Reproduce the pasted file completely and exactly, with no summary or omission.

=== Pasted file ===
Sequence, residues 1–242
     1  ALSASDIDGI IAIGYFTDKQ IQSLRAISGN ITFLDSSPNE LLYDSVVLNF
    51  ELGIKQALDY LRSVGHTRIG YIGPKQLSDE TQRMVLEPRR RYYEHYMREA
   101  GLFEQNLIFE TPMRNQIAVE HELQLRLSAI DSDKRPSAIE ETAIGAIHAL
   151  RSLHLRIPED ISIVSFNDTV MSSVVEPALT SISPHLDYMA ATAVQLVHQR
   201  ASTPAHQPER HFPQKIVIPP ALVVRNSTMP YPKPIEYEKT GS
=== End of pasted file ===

Sequence, residues 1–242
     1  ALSASDIDGI IAIGYFTDKQ IQSLRAISGN ITFLDSSPNE LLYDSVVLNF
    51  ELGIKQALDY LRSVGHTRIG YIGPKQLSDE TQRMVLEPRR RYYEHYMREA
   101  GLFEQNLIFE TPMRNQIAVE HELQLRLSAI DSDKRPSAIE ETAIGAIHAL
   151  RSLHLRIPED ISIVSFNDTV MSSVVEPALT SISPHLDYMA ATAVQLVHQR
   201  ASTPAHQPER HFPQKIVIPP ALVVRNSTMP YPKPIEYEKT GS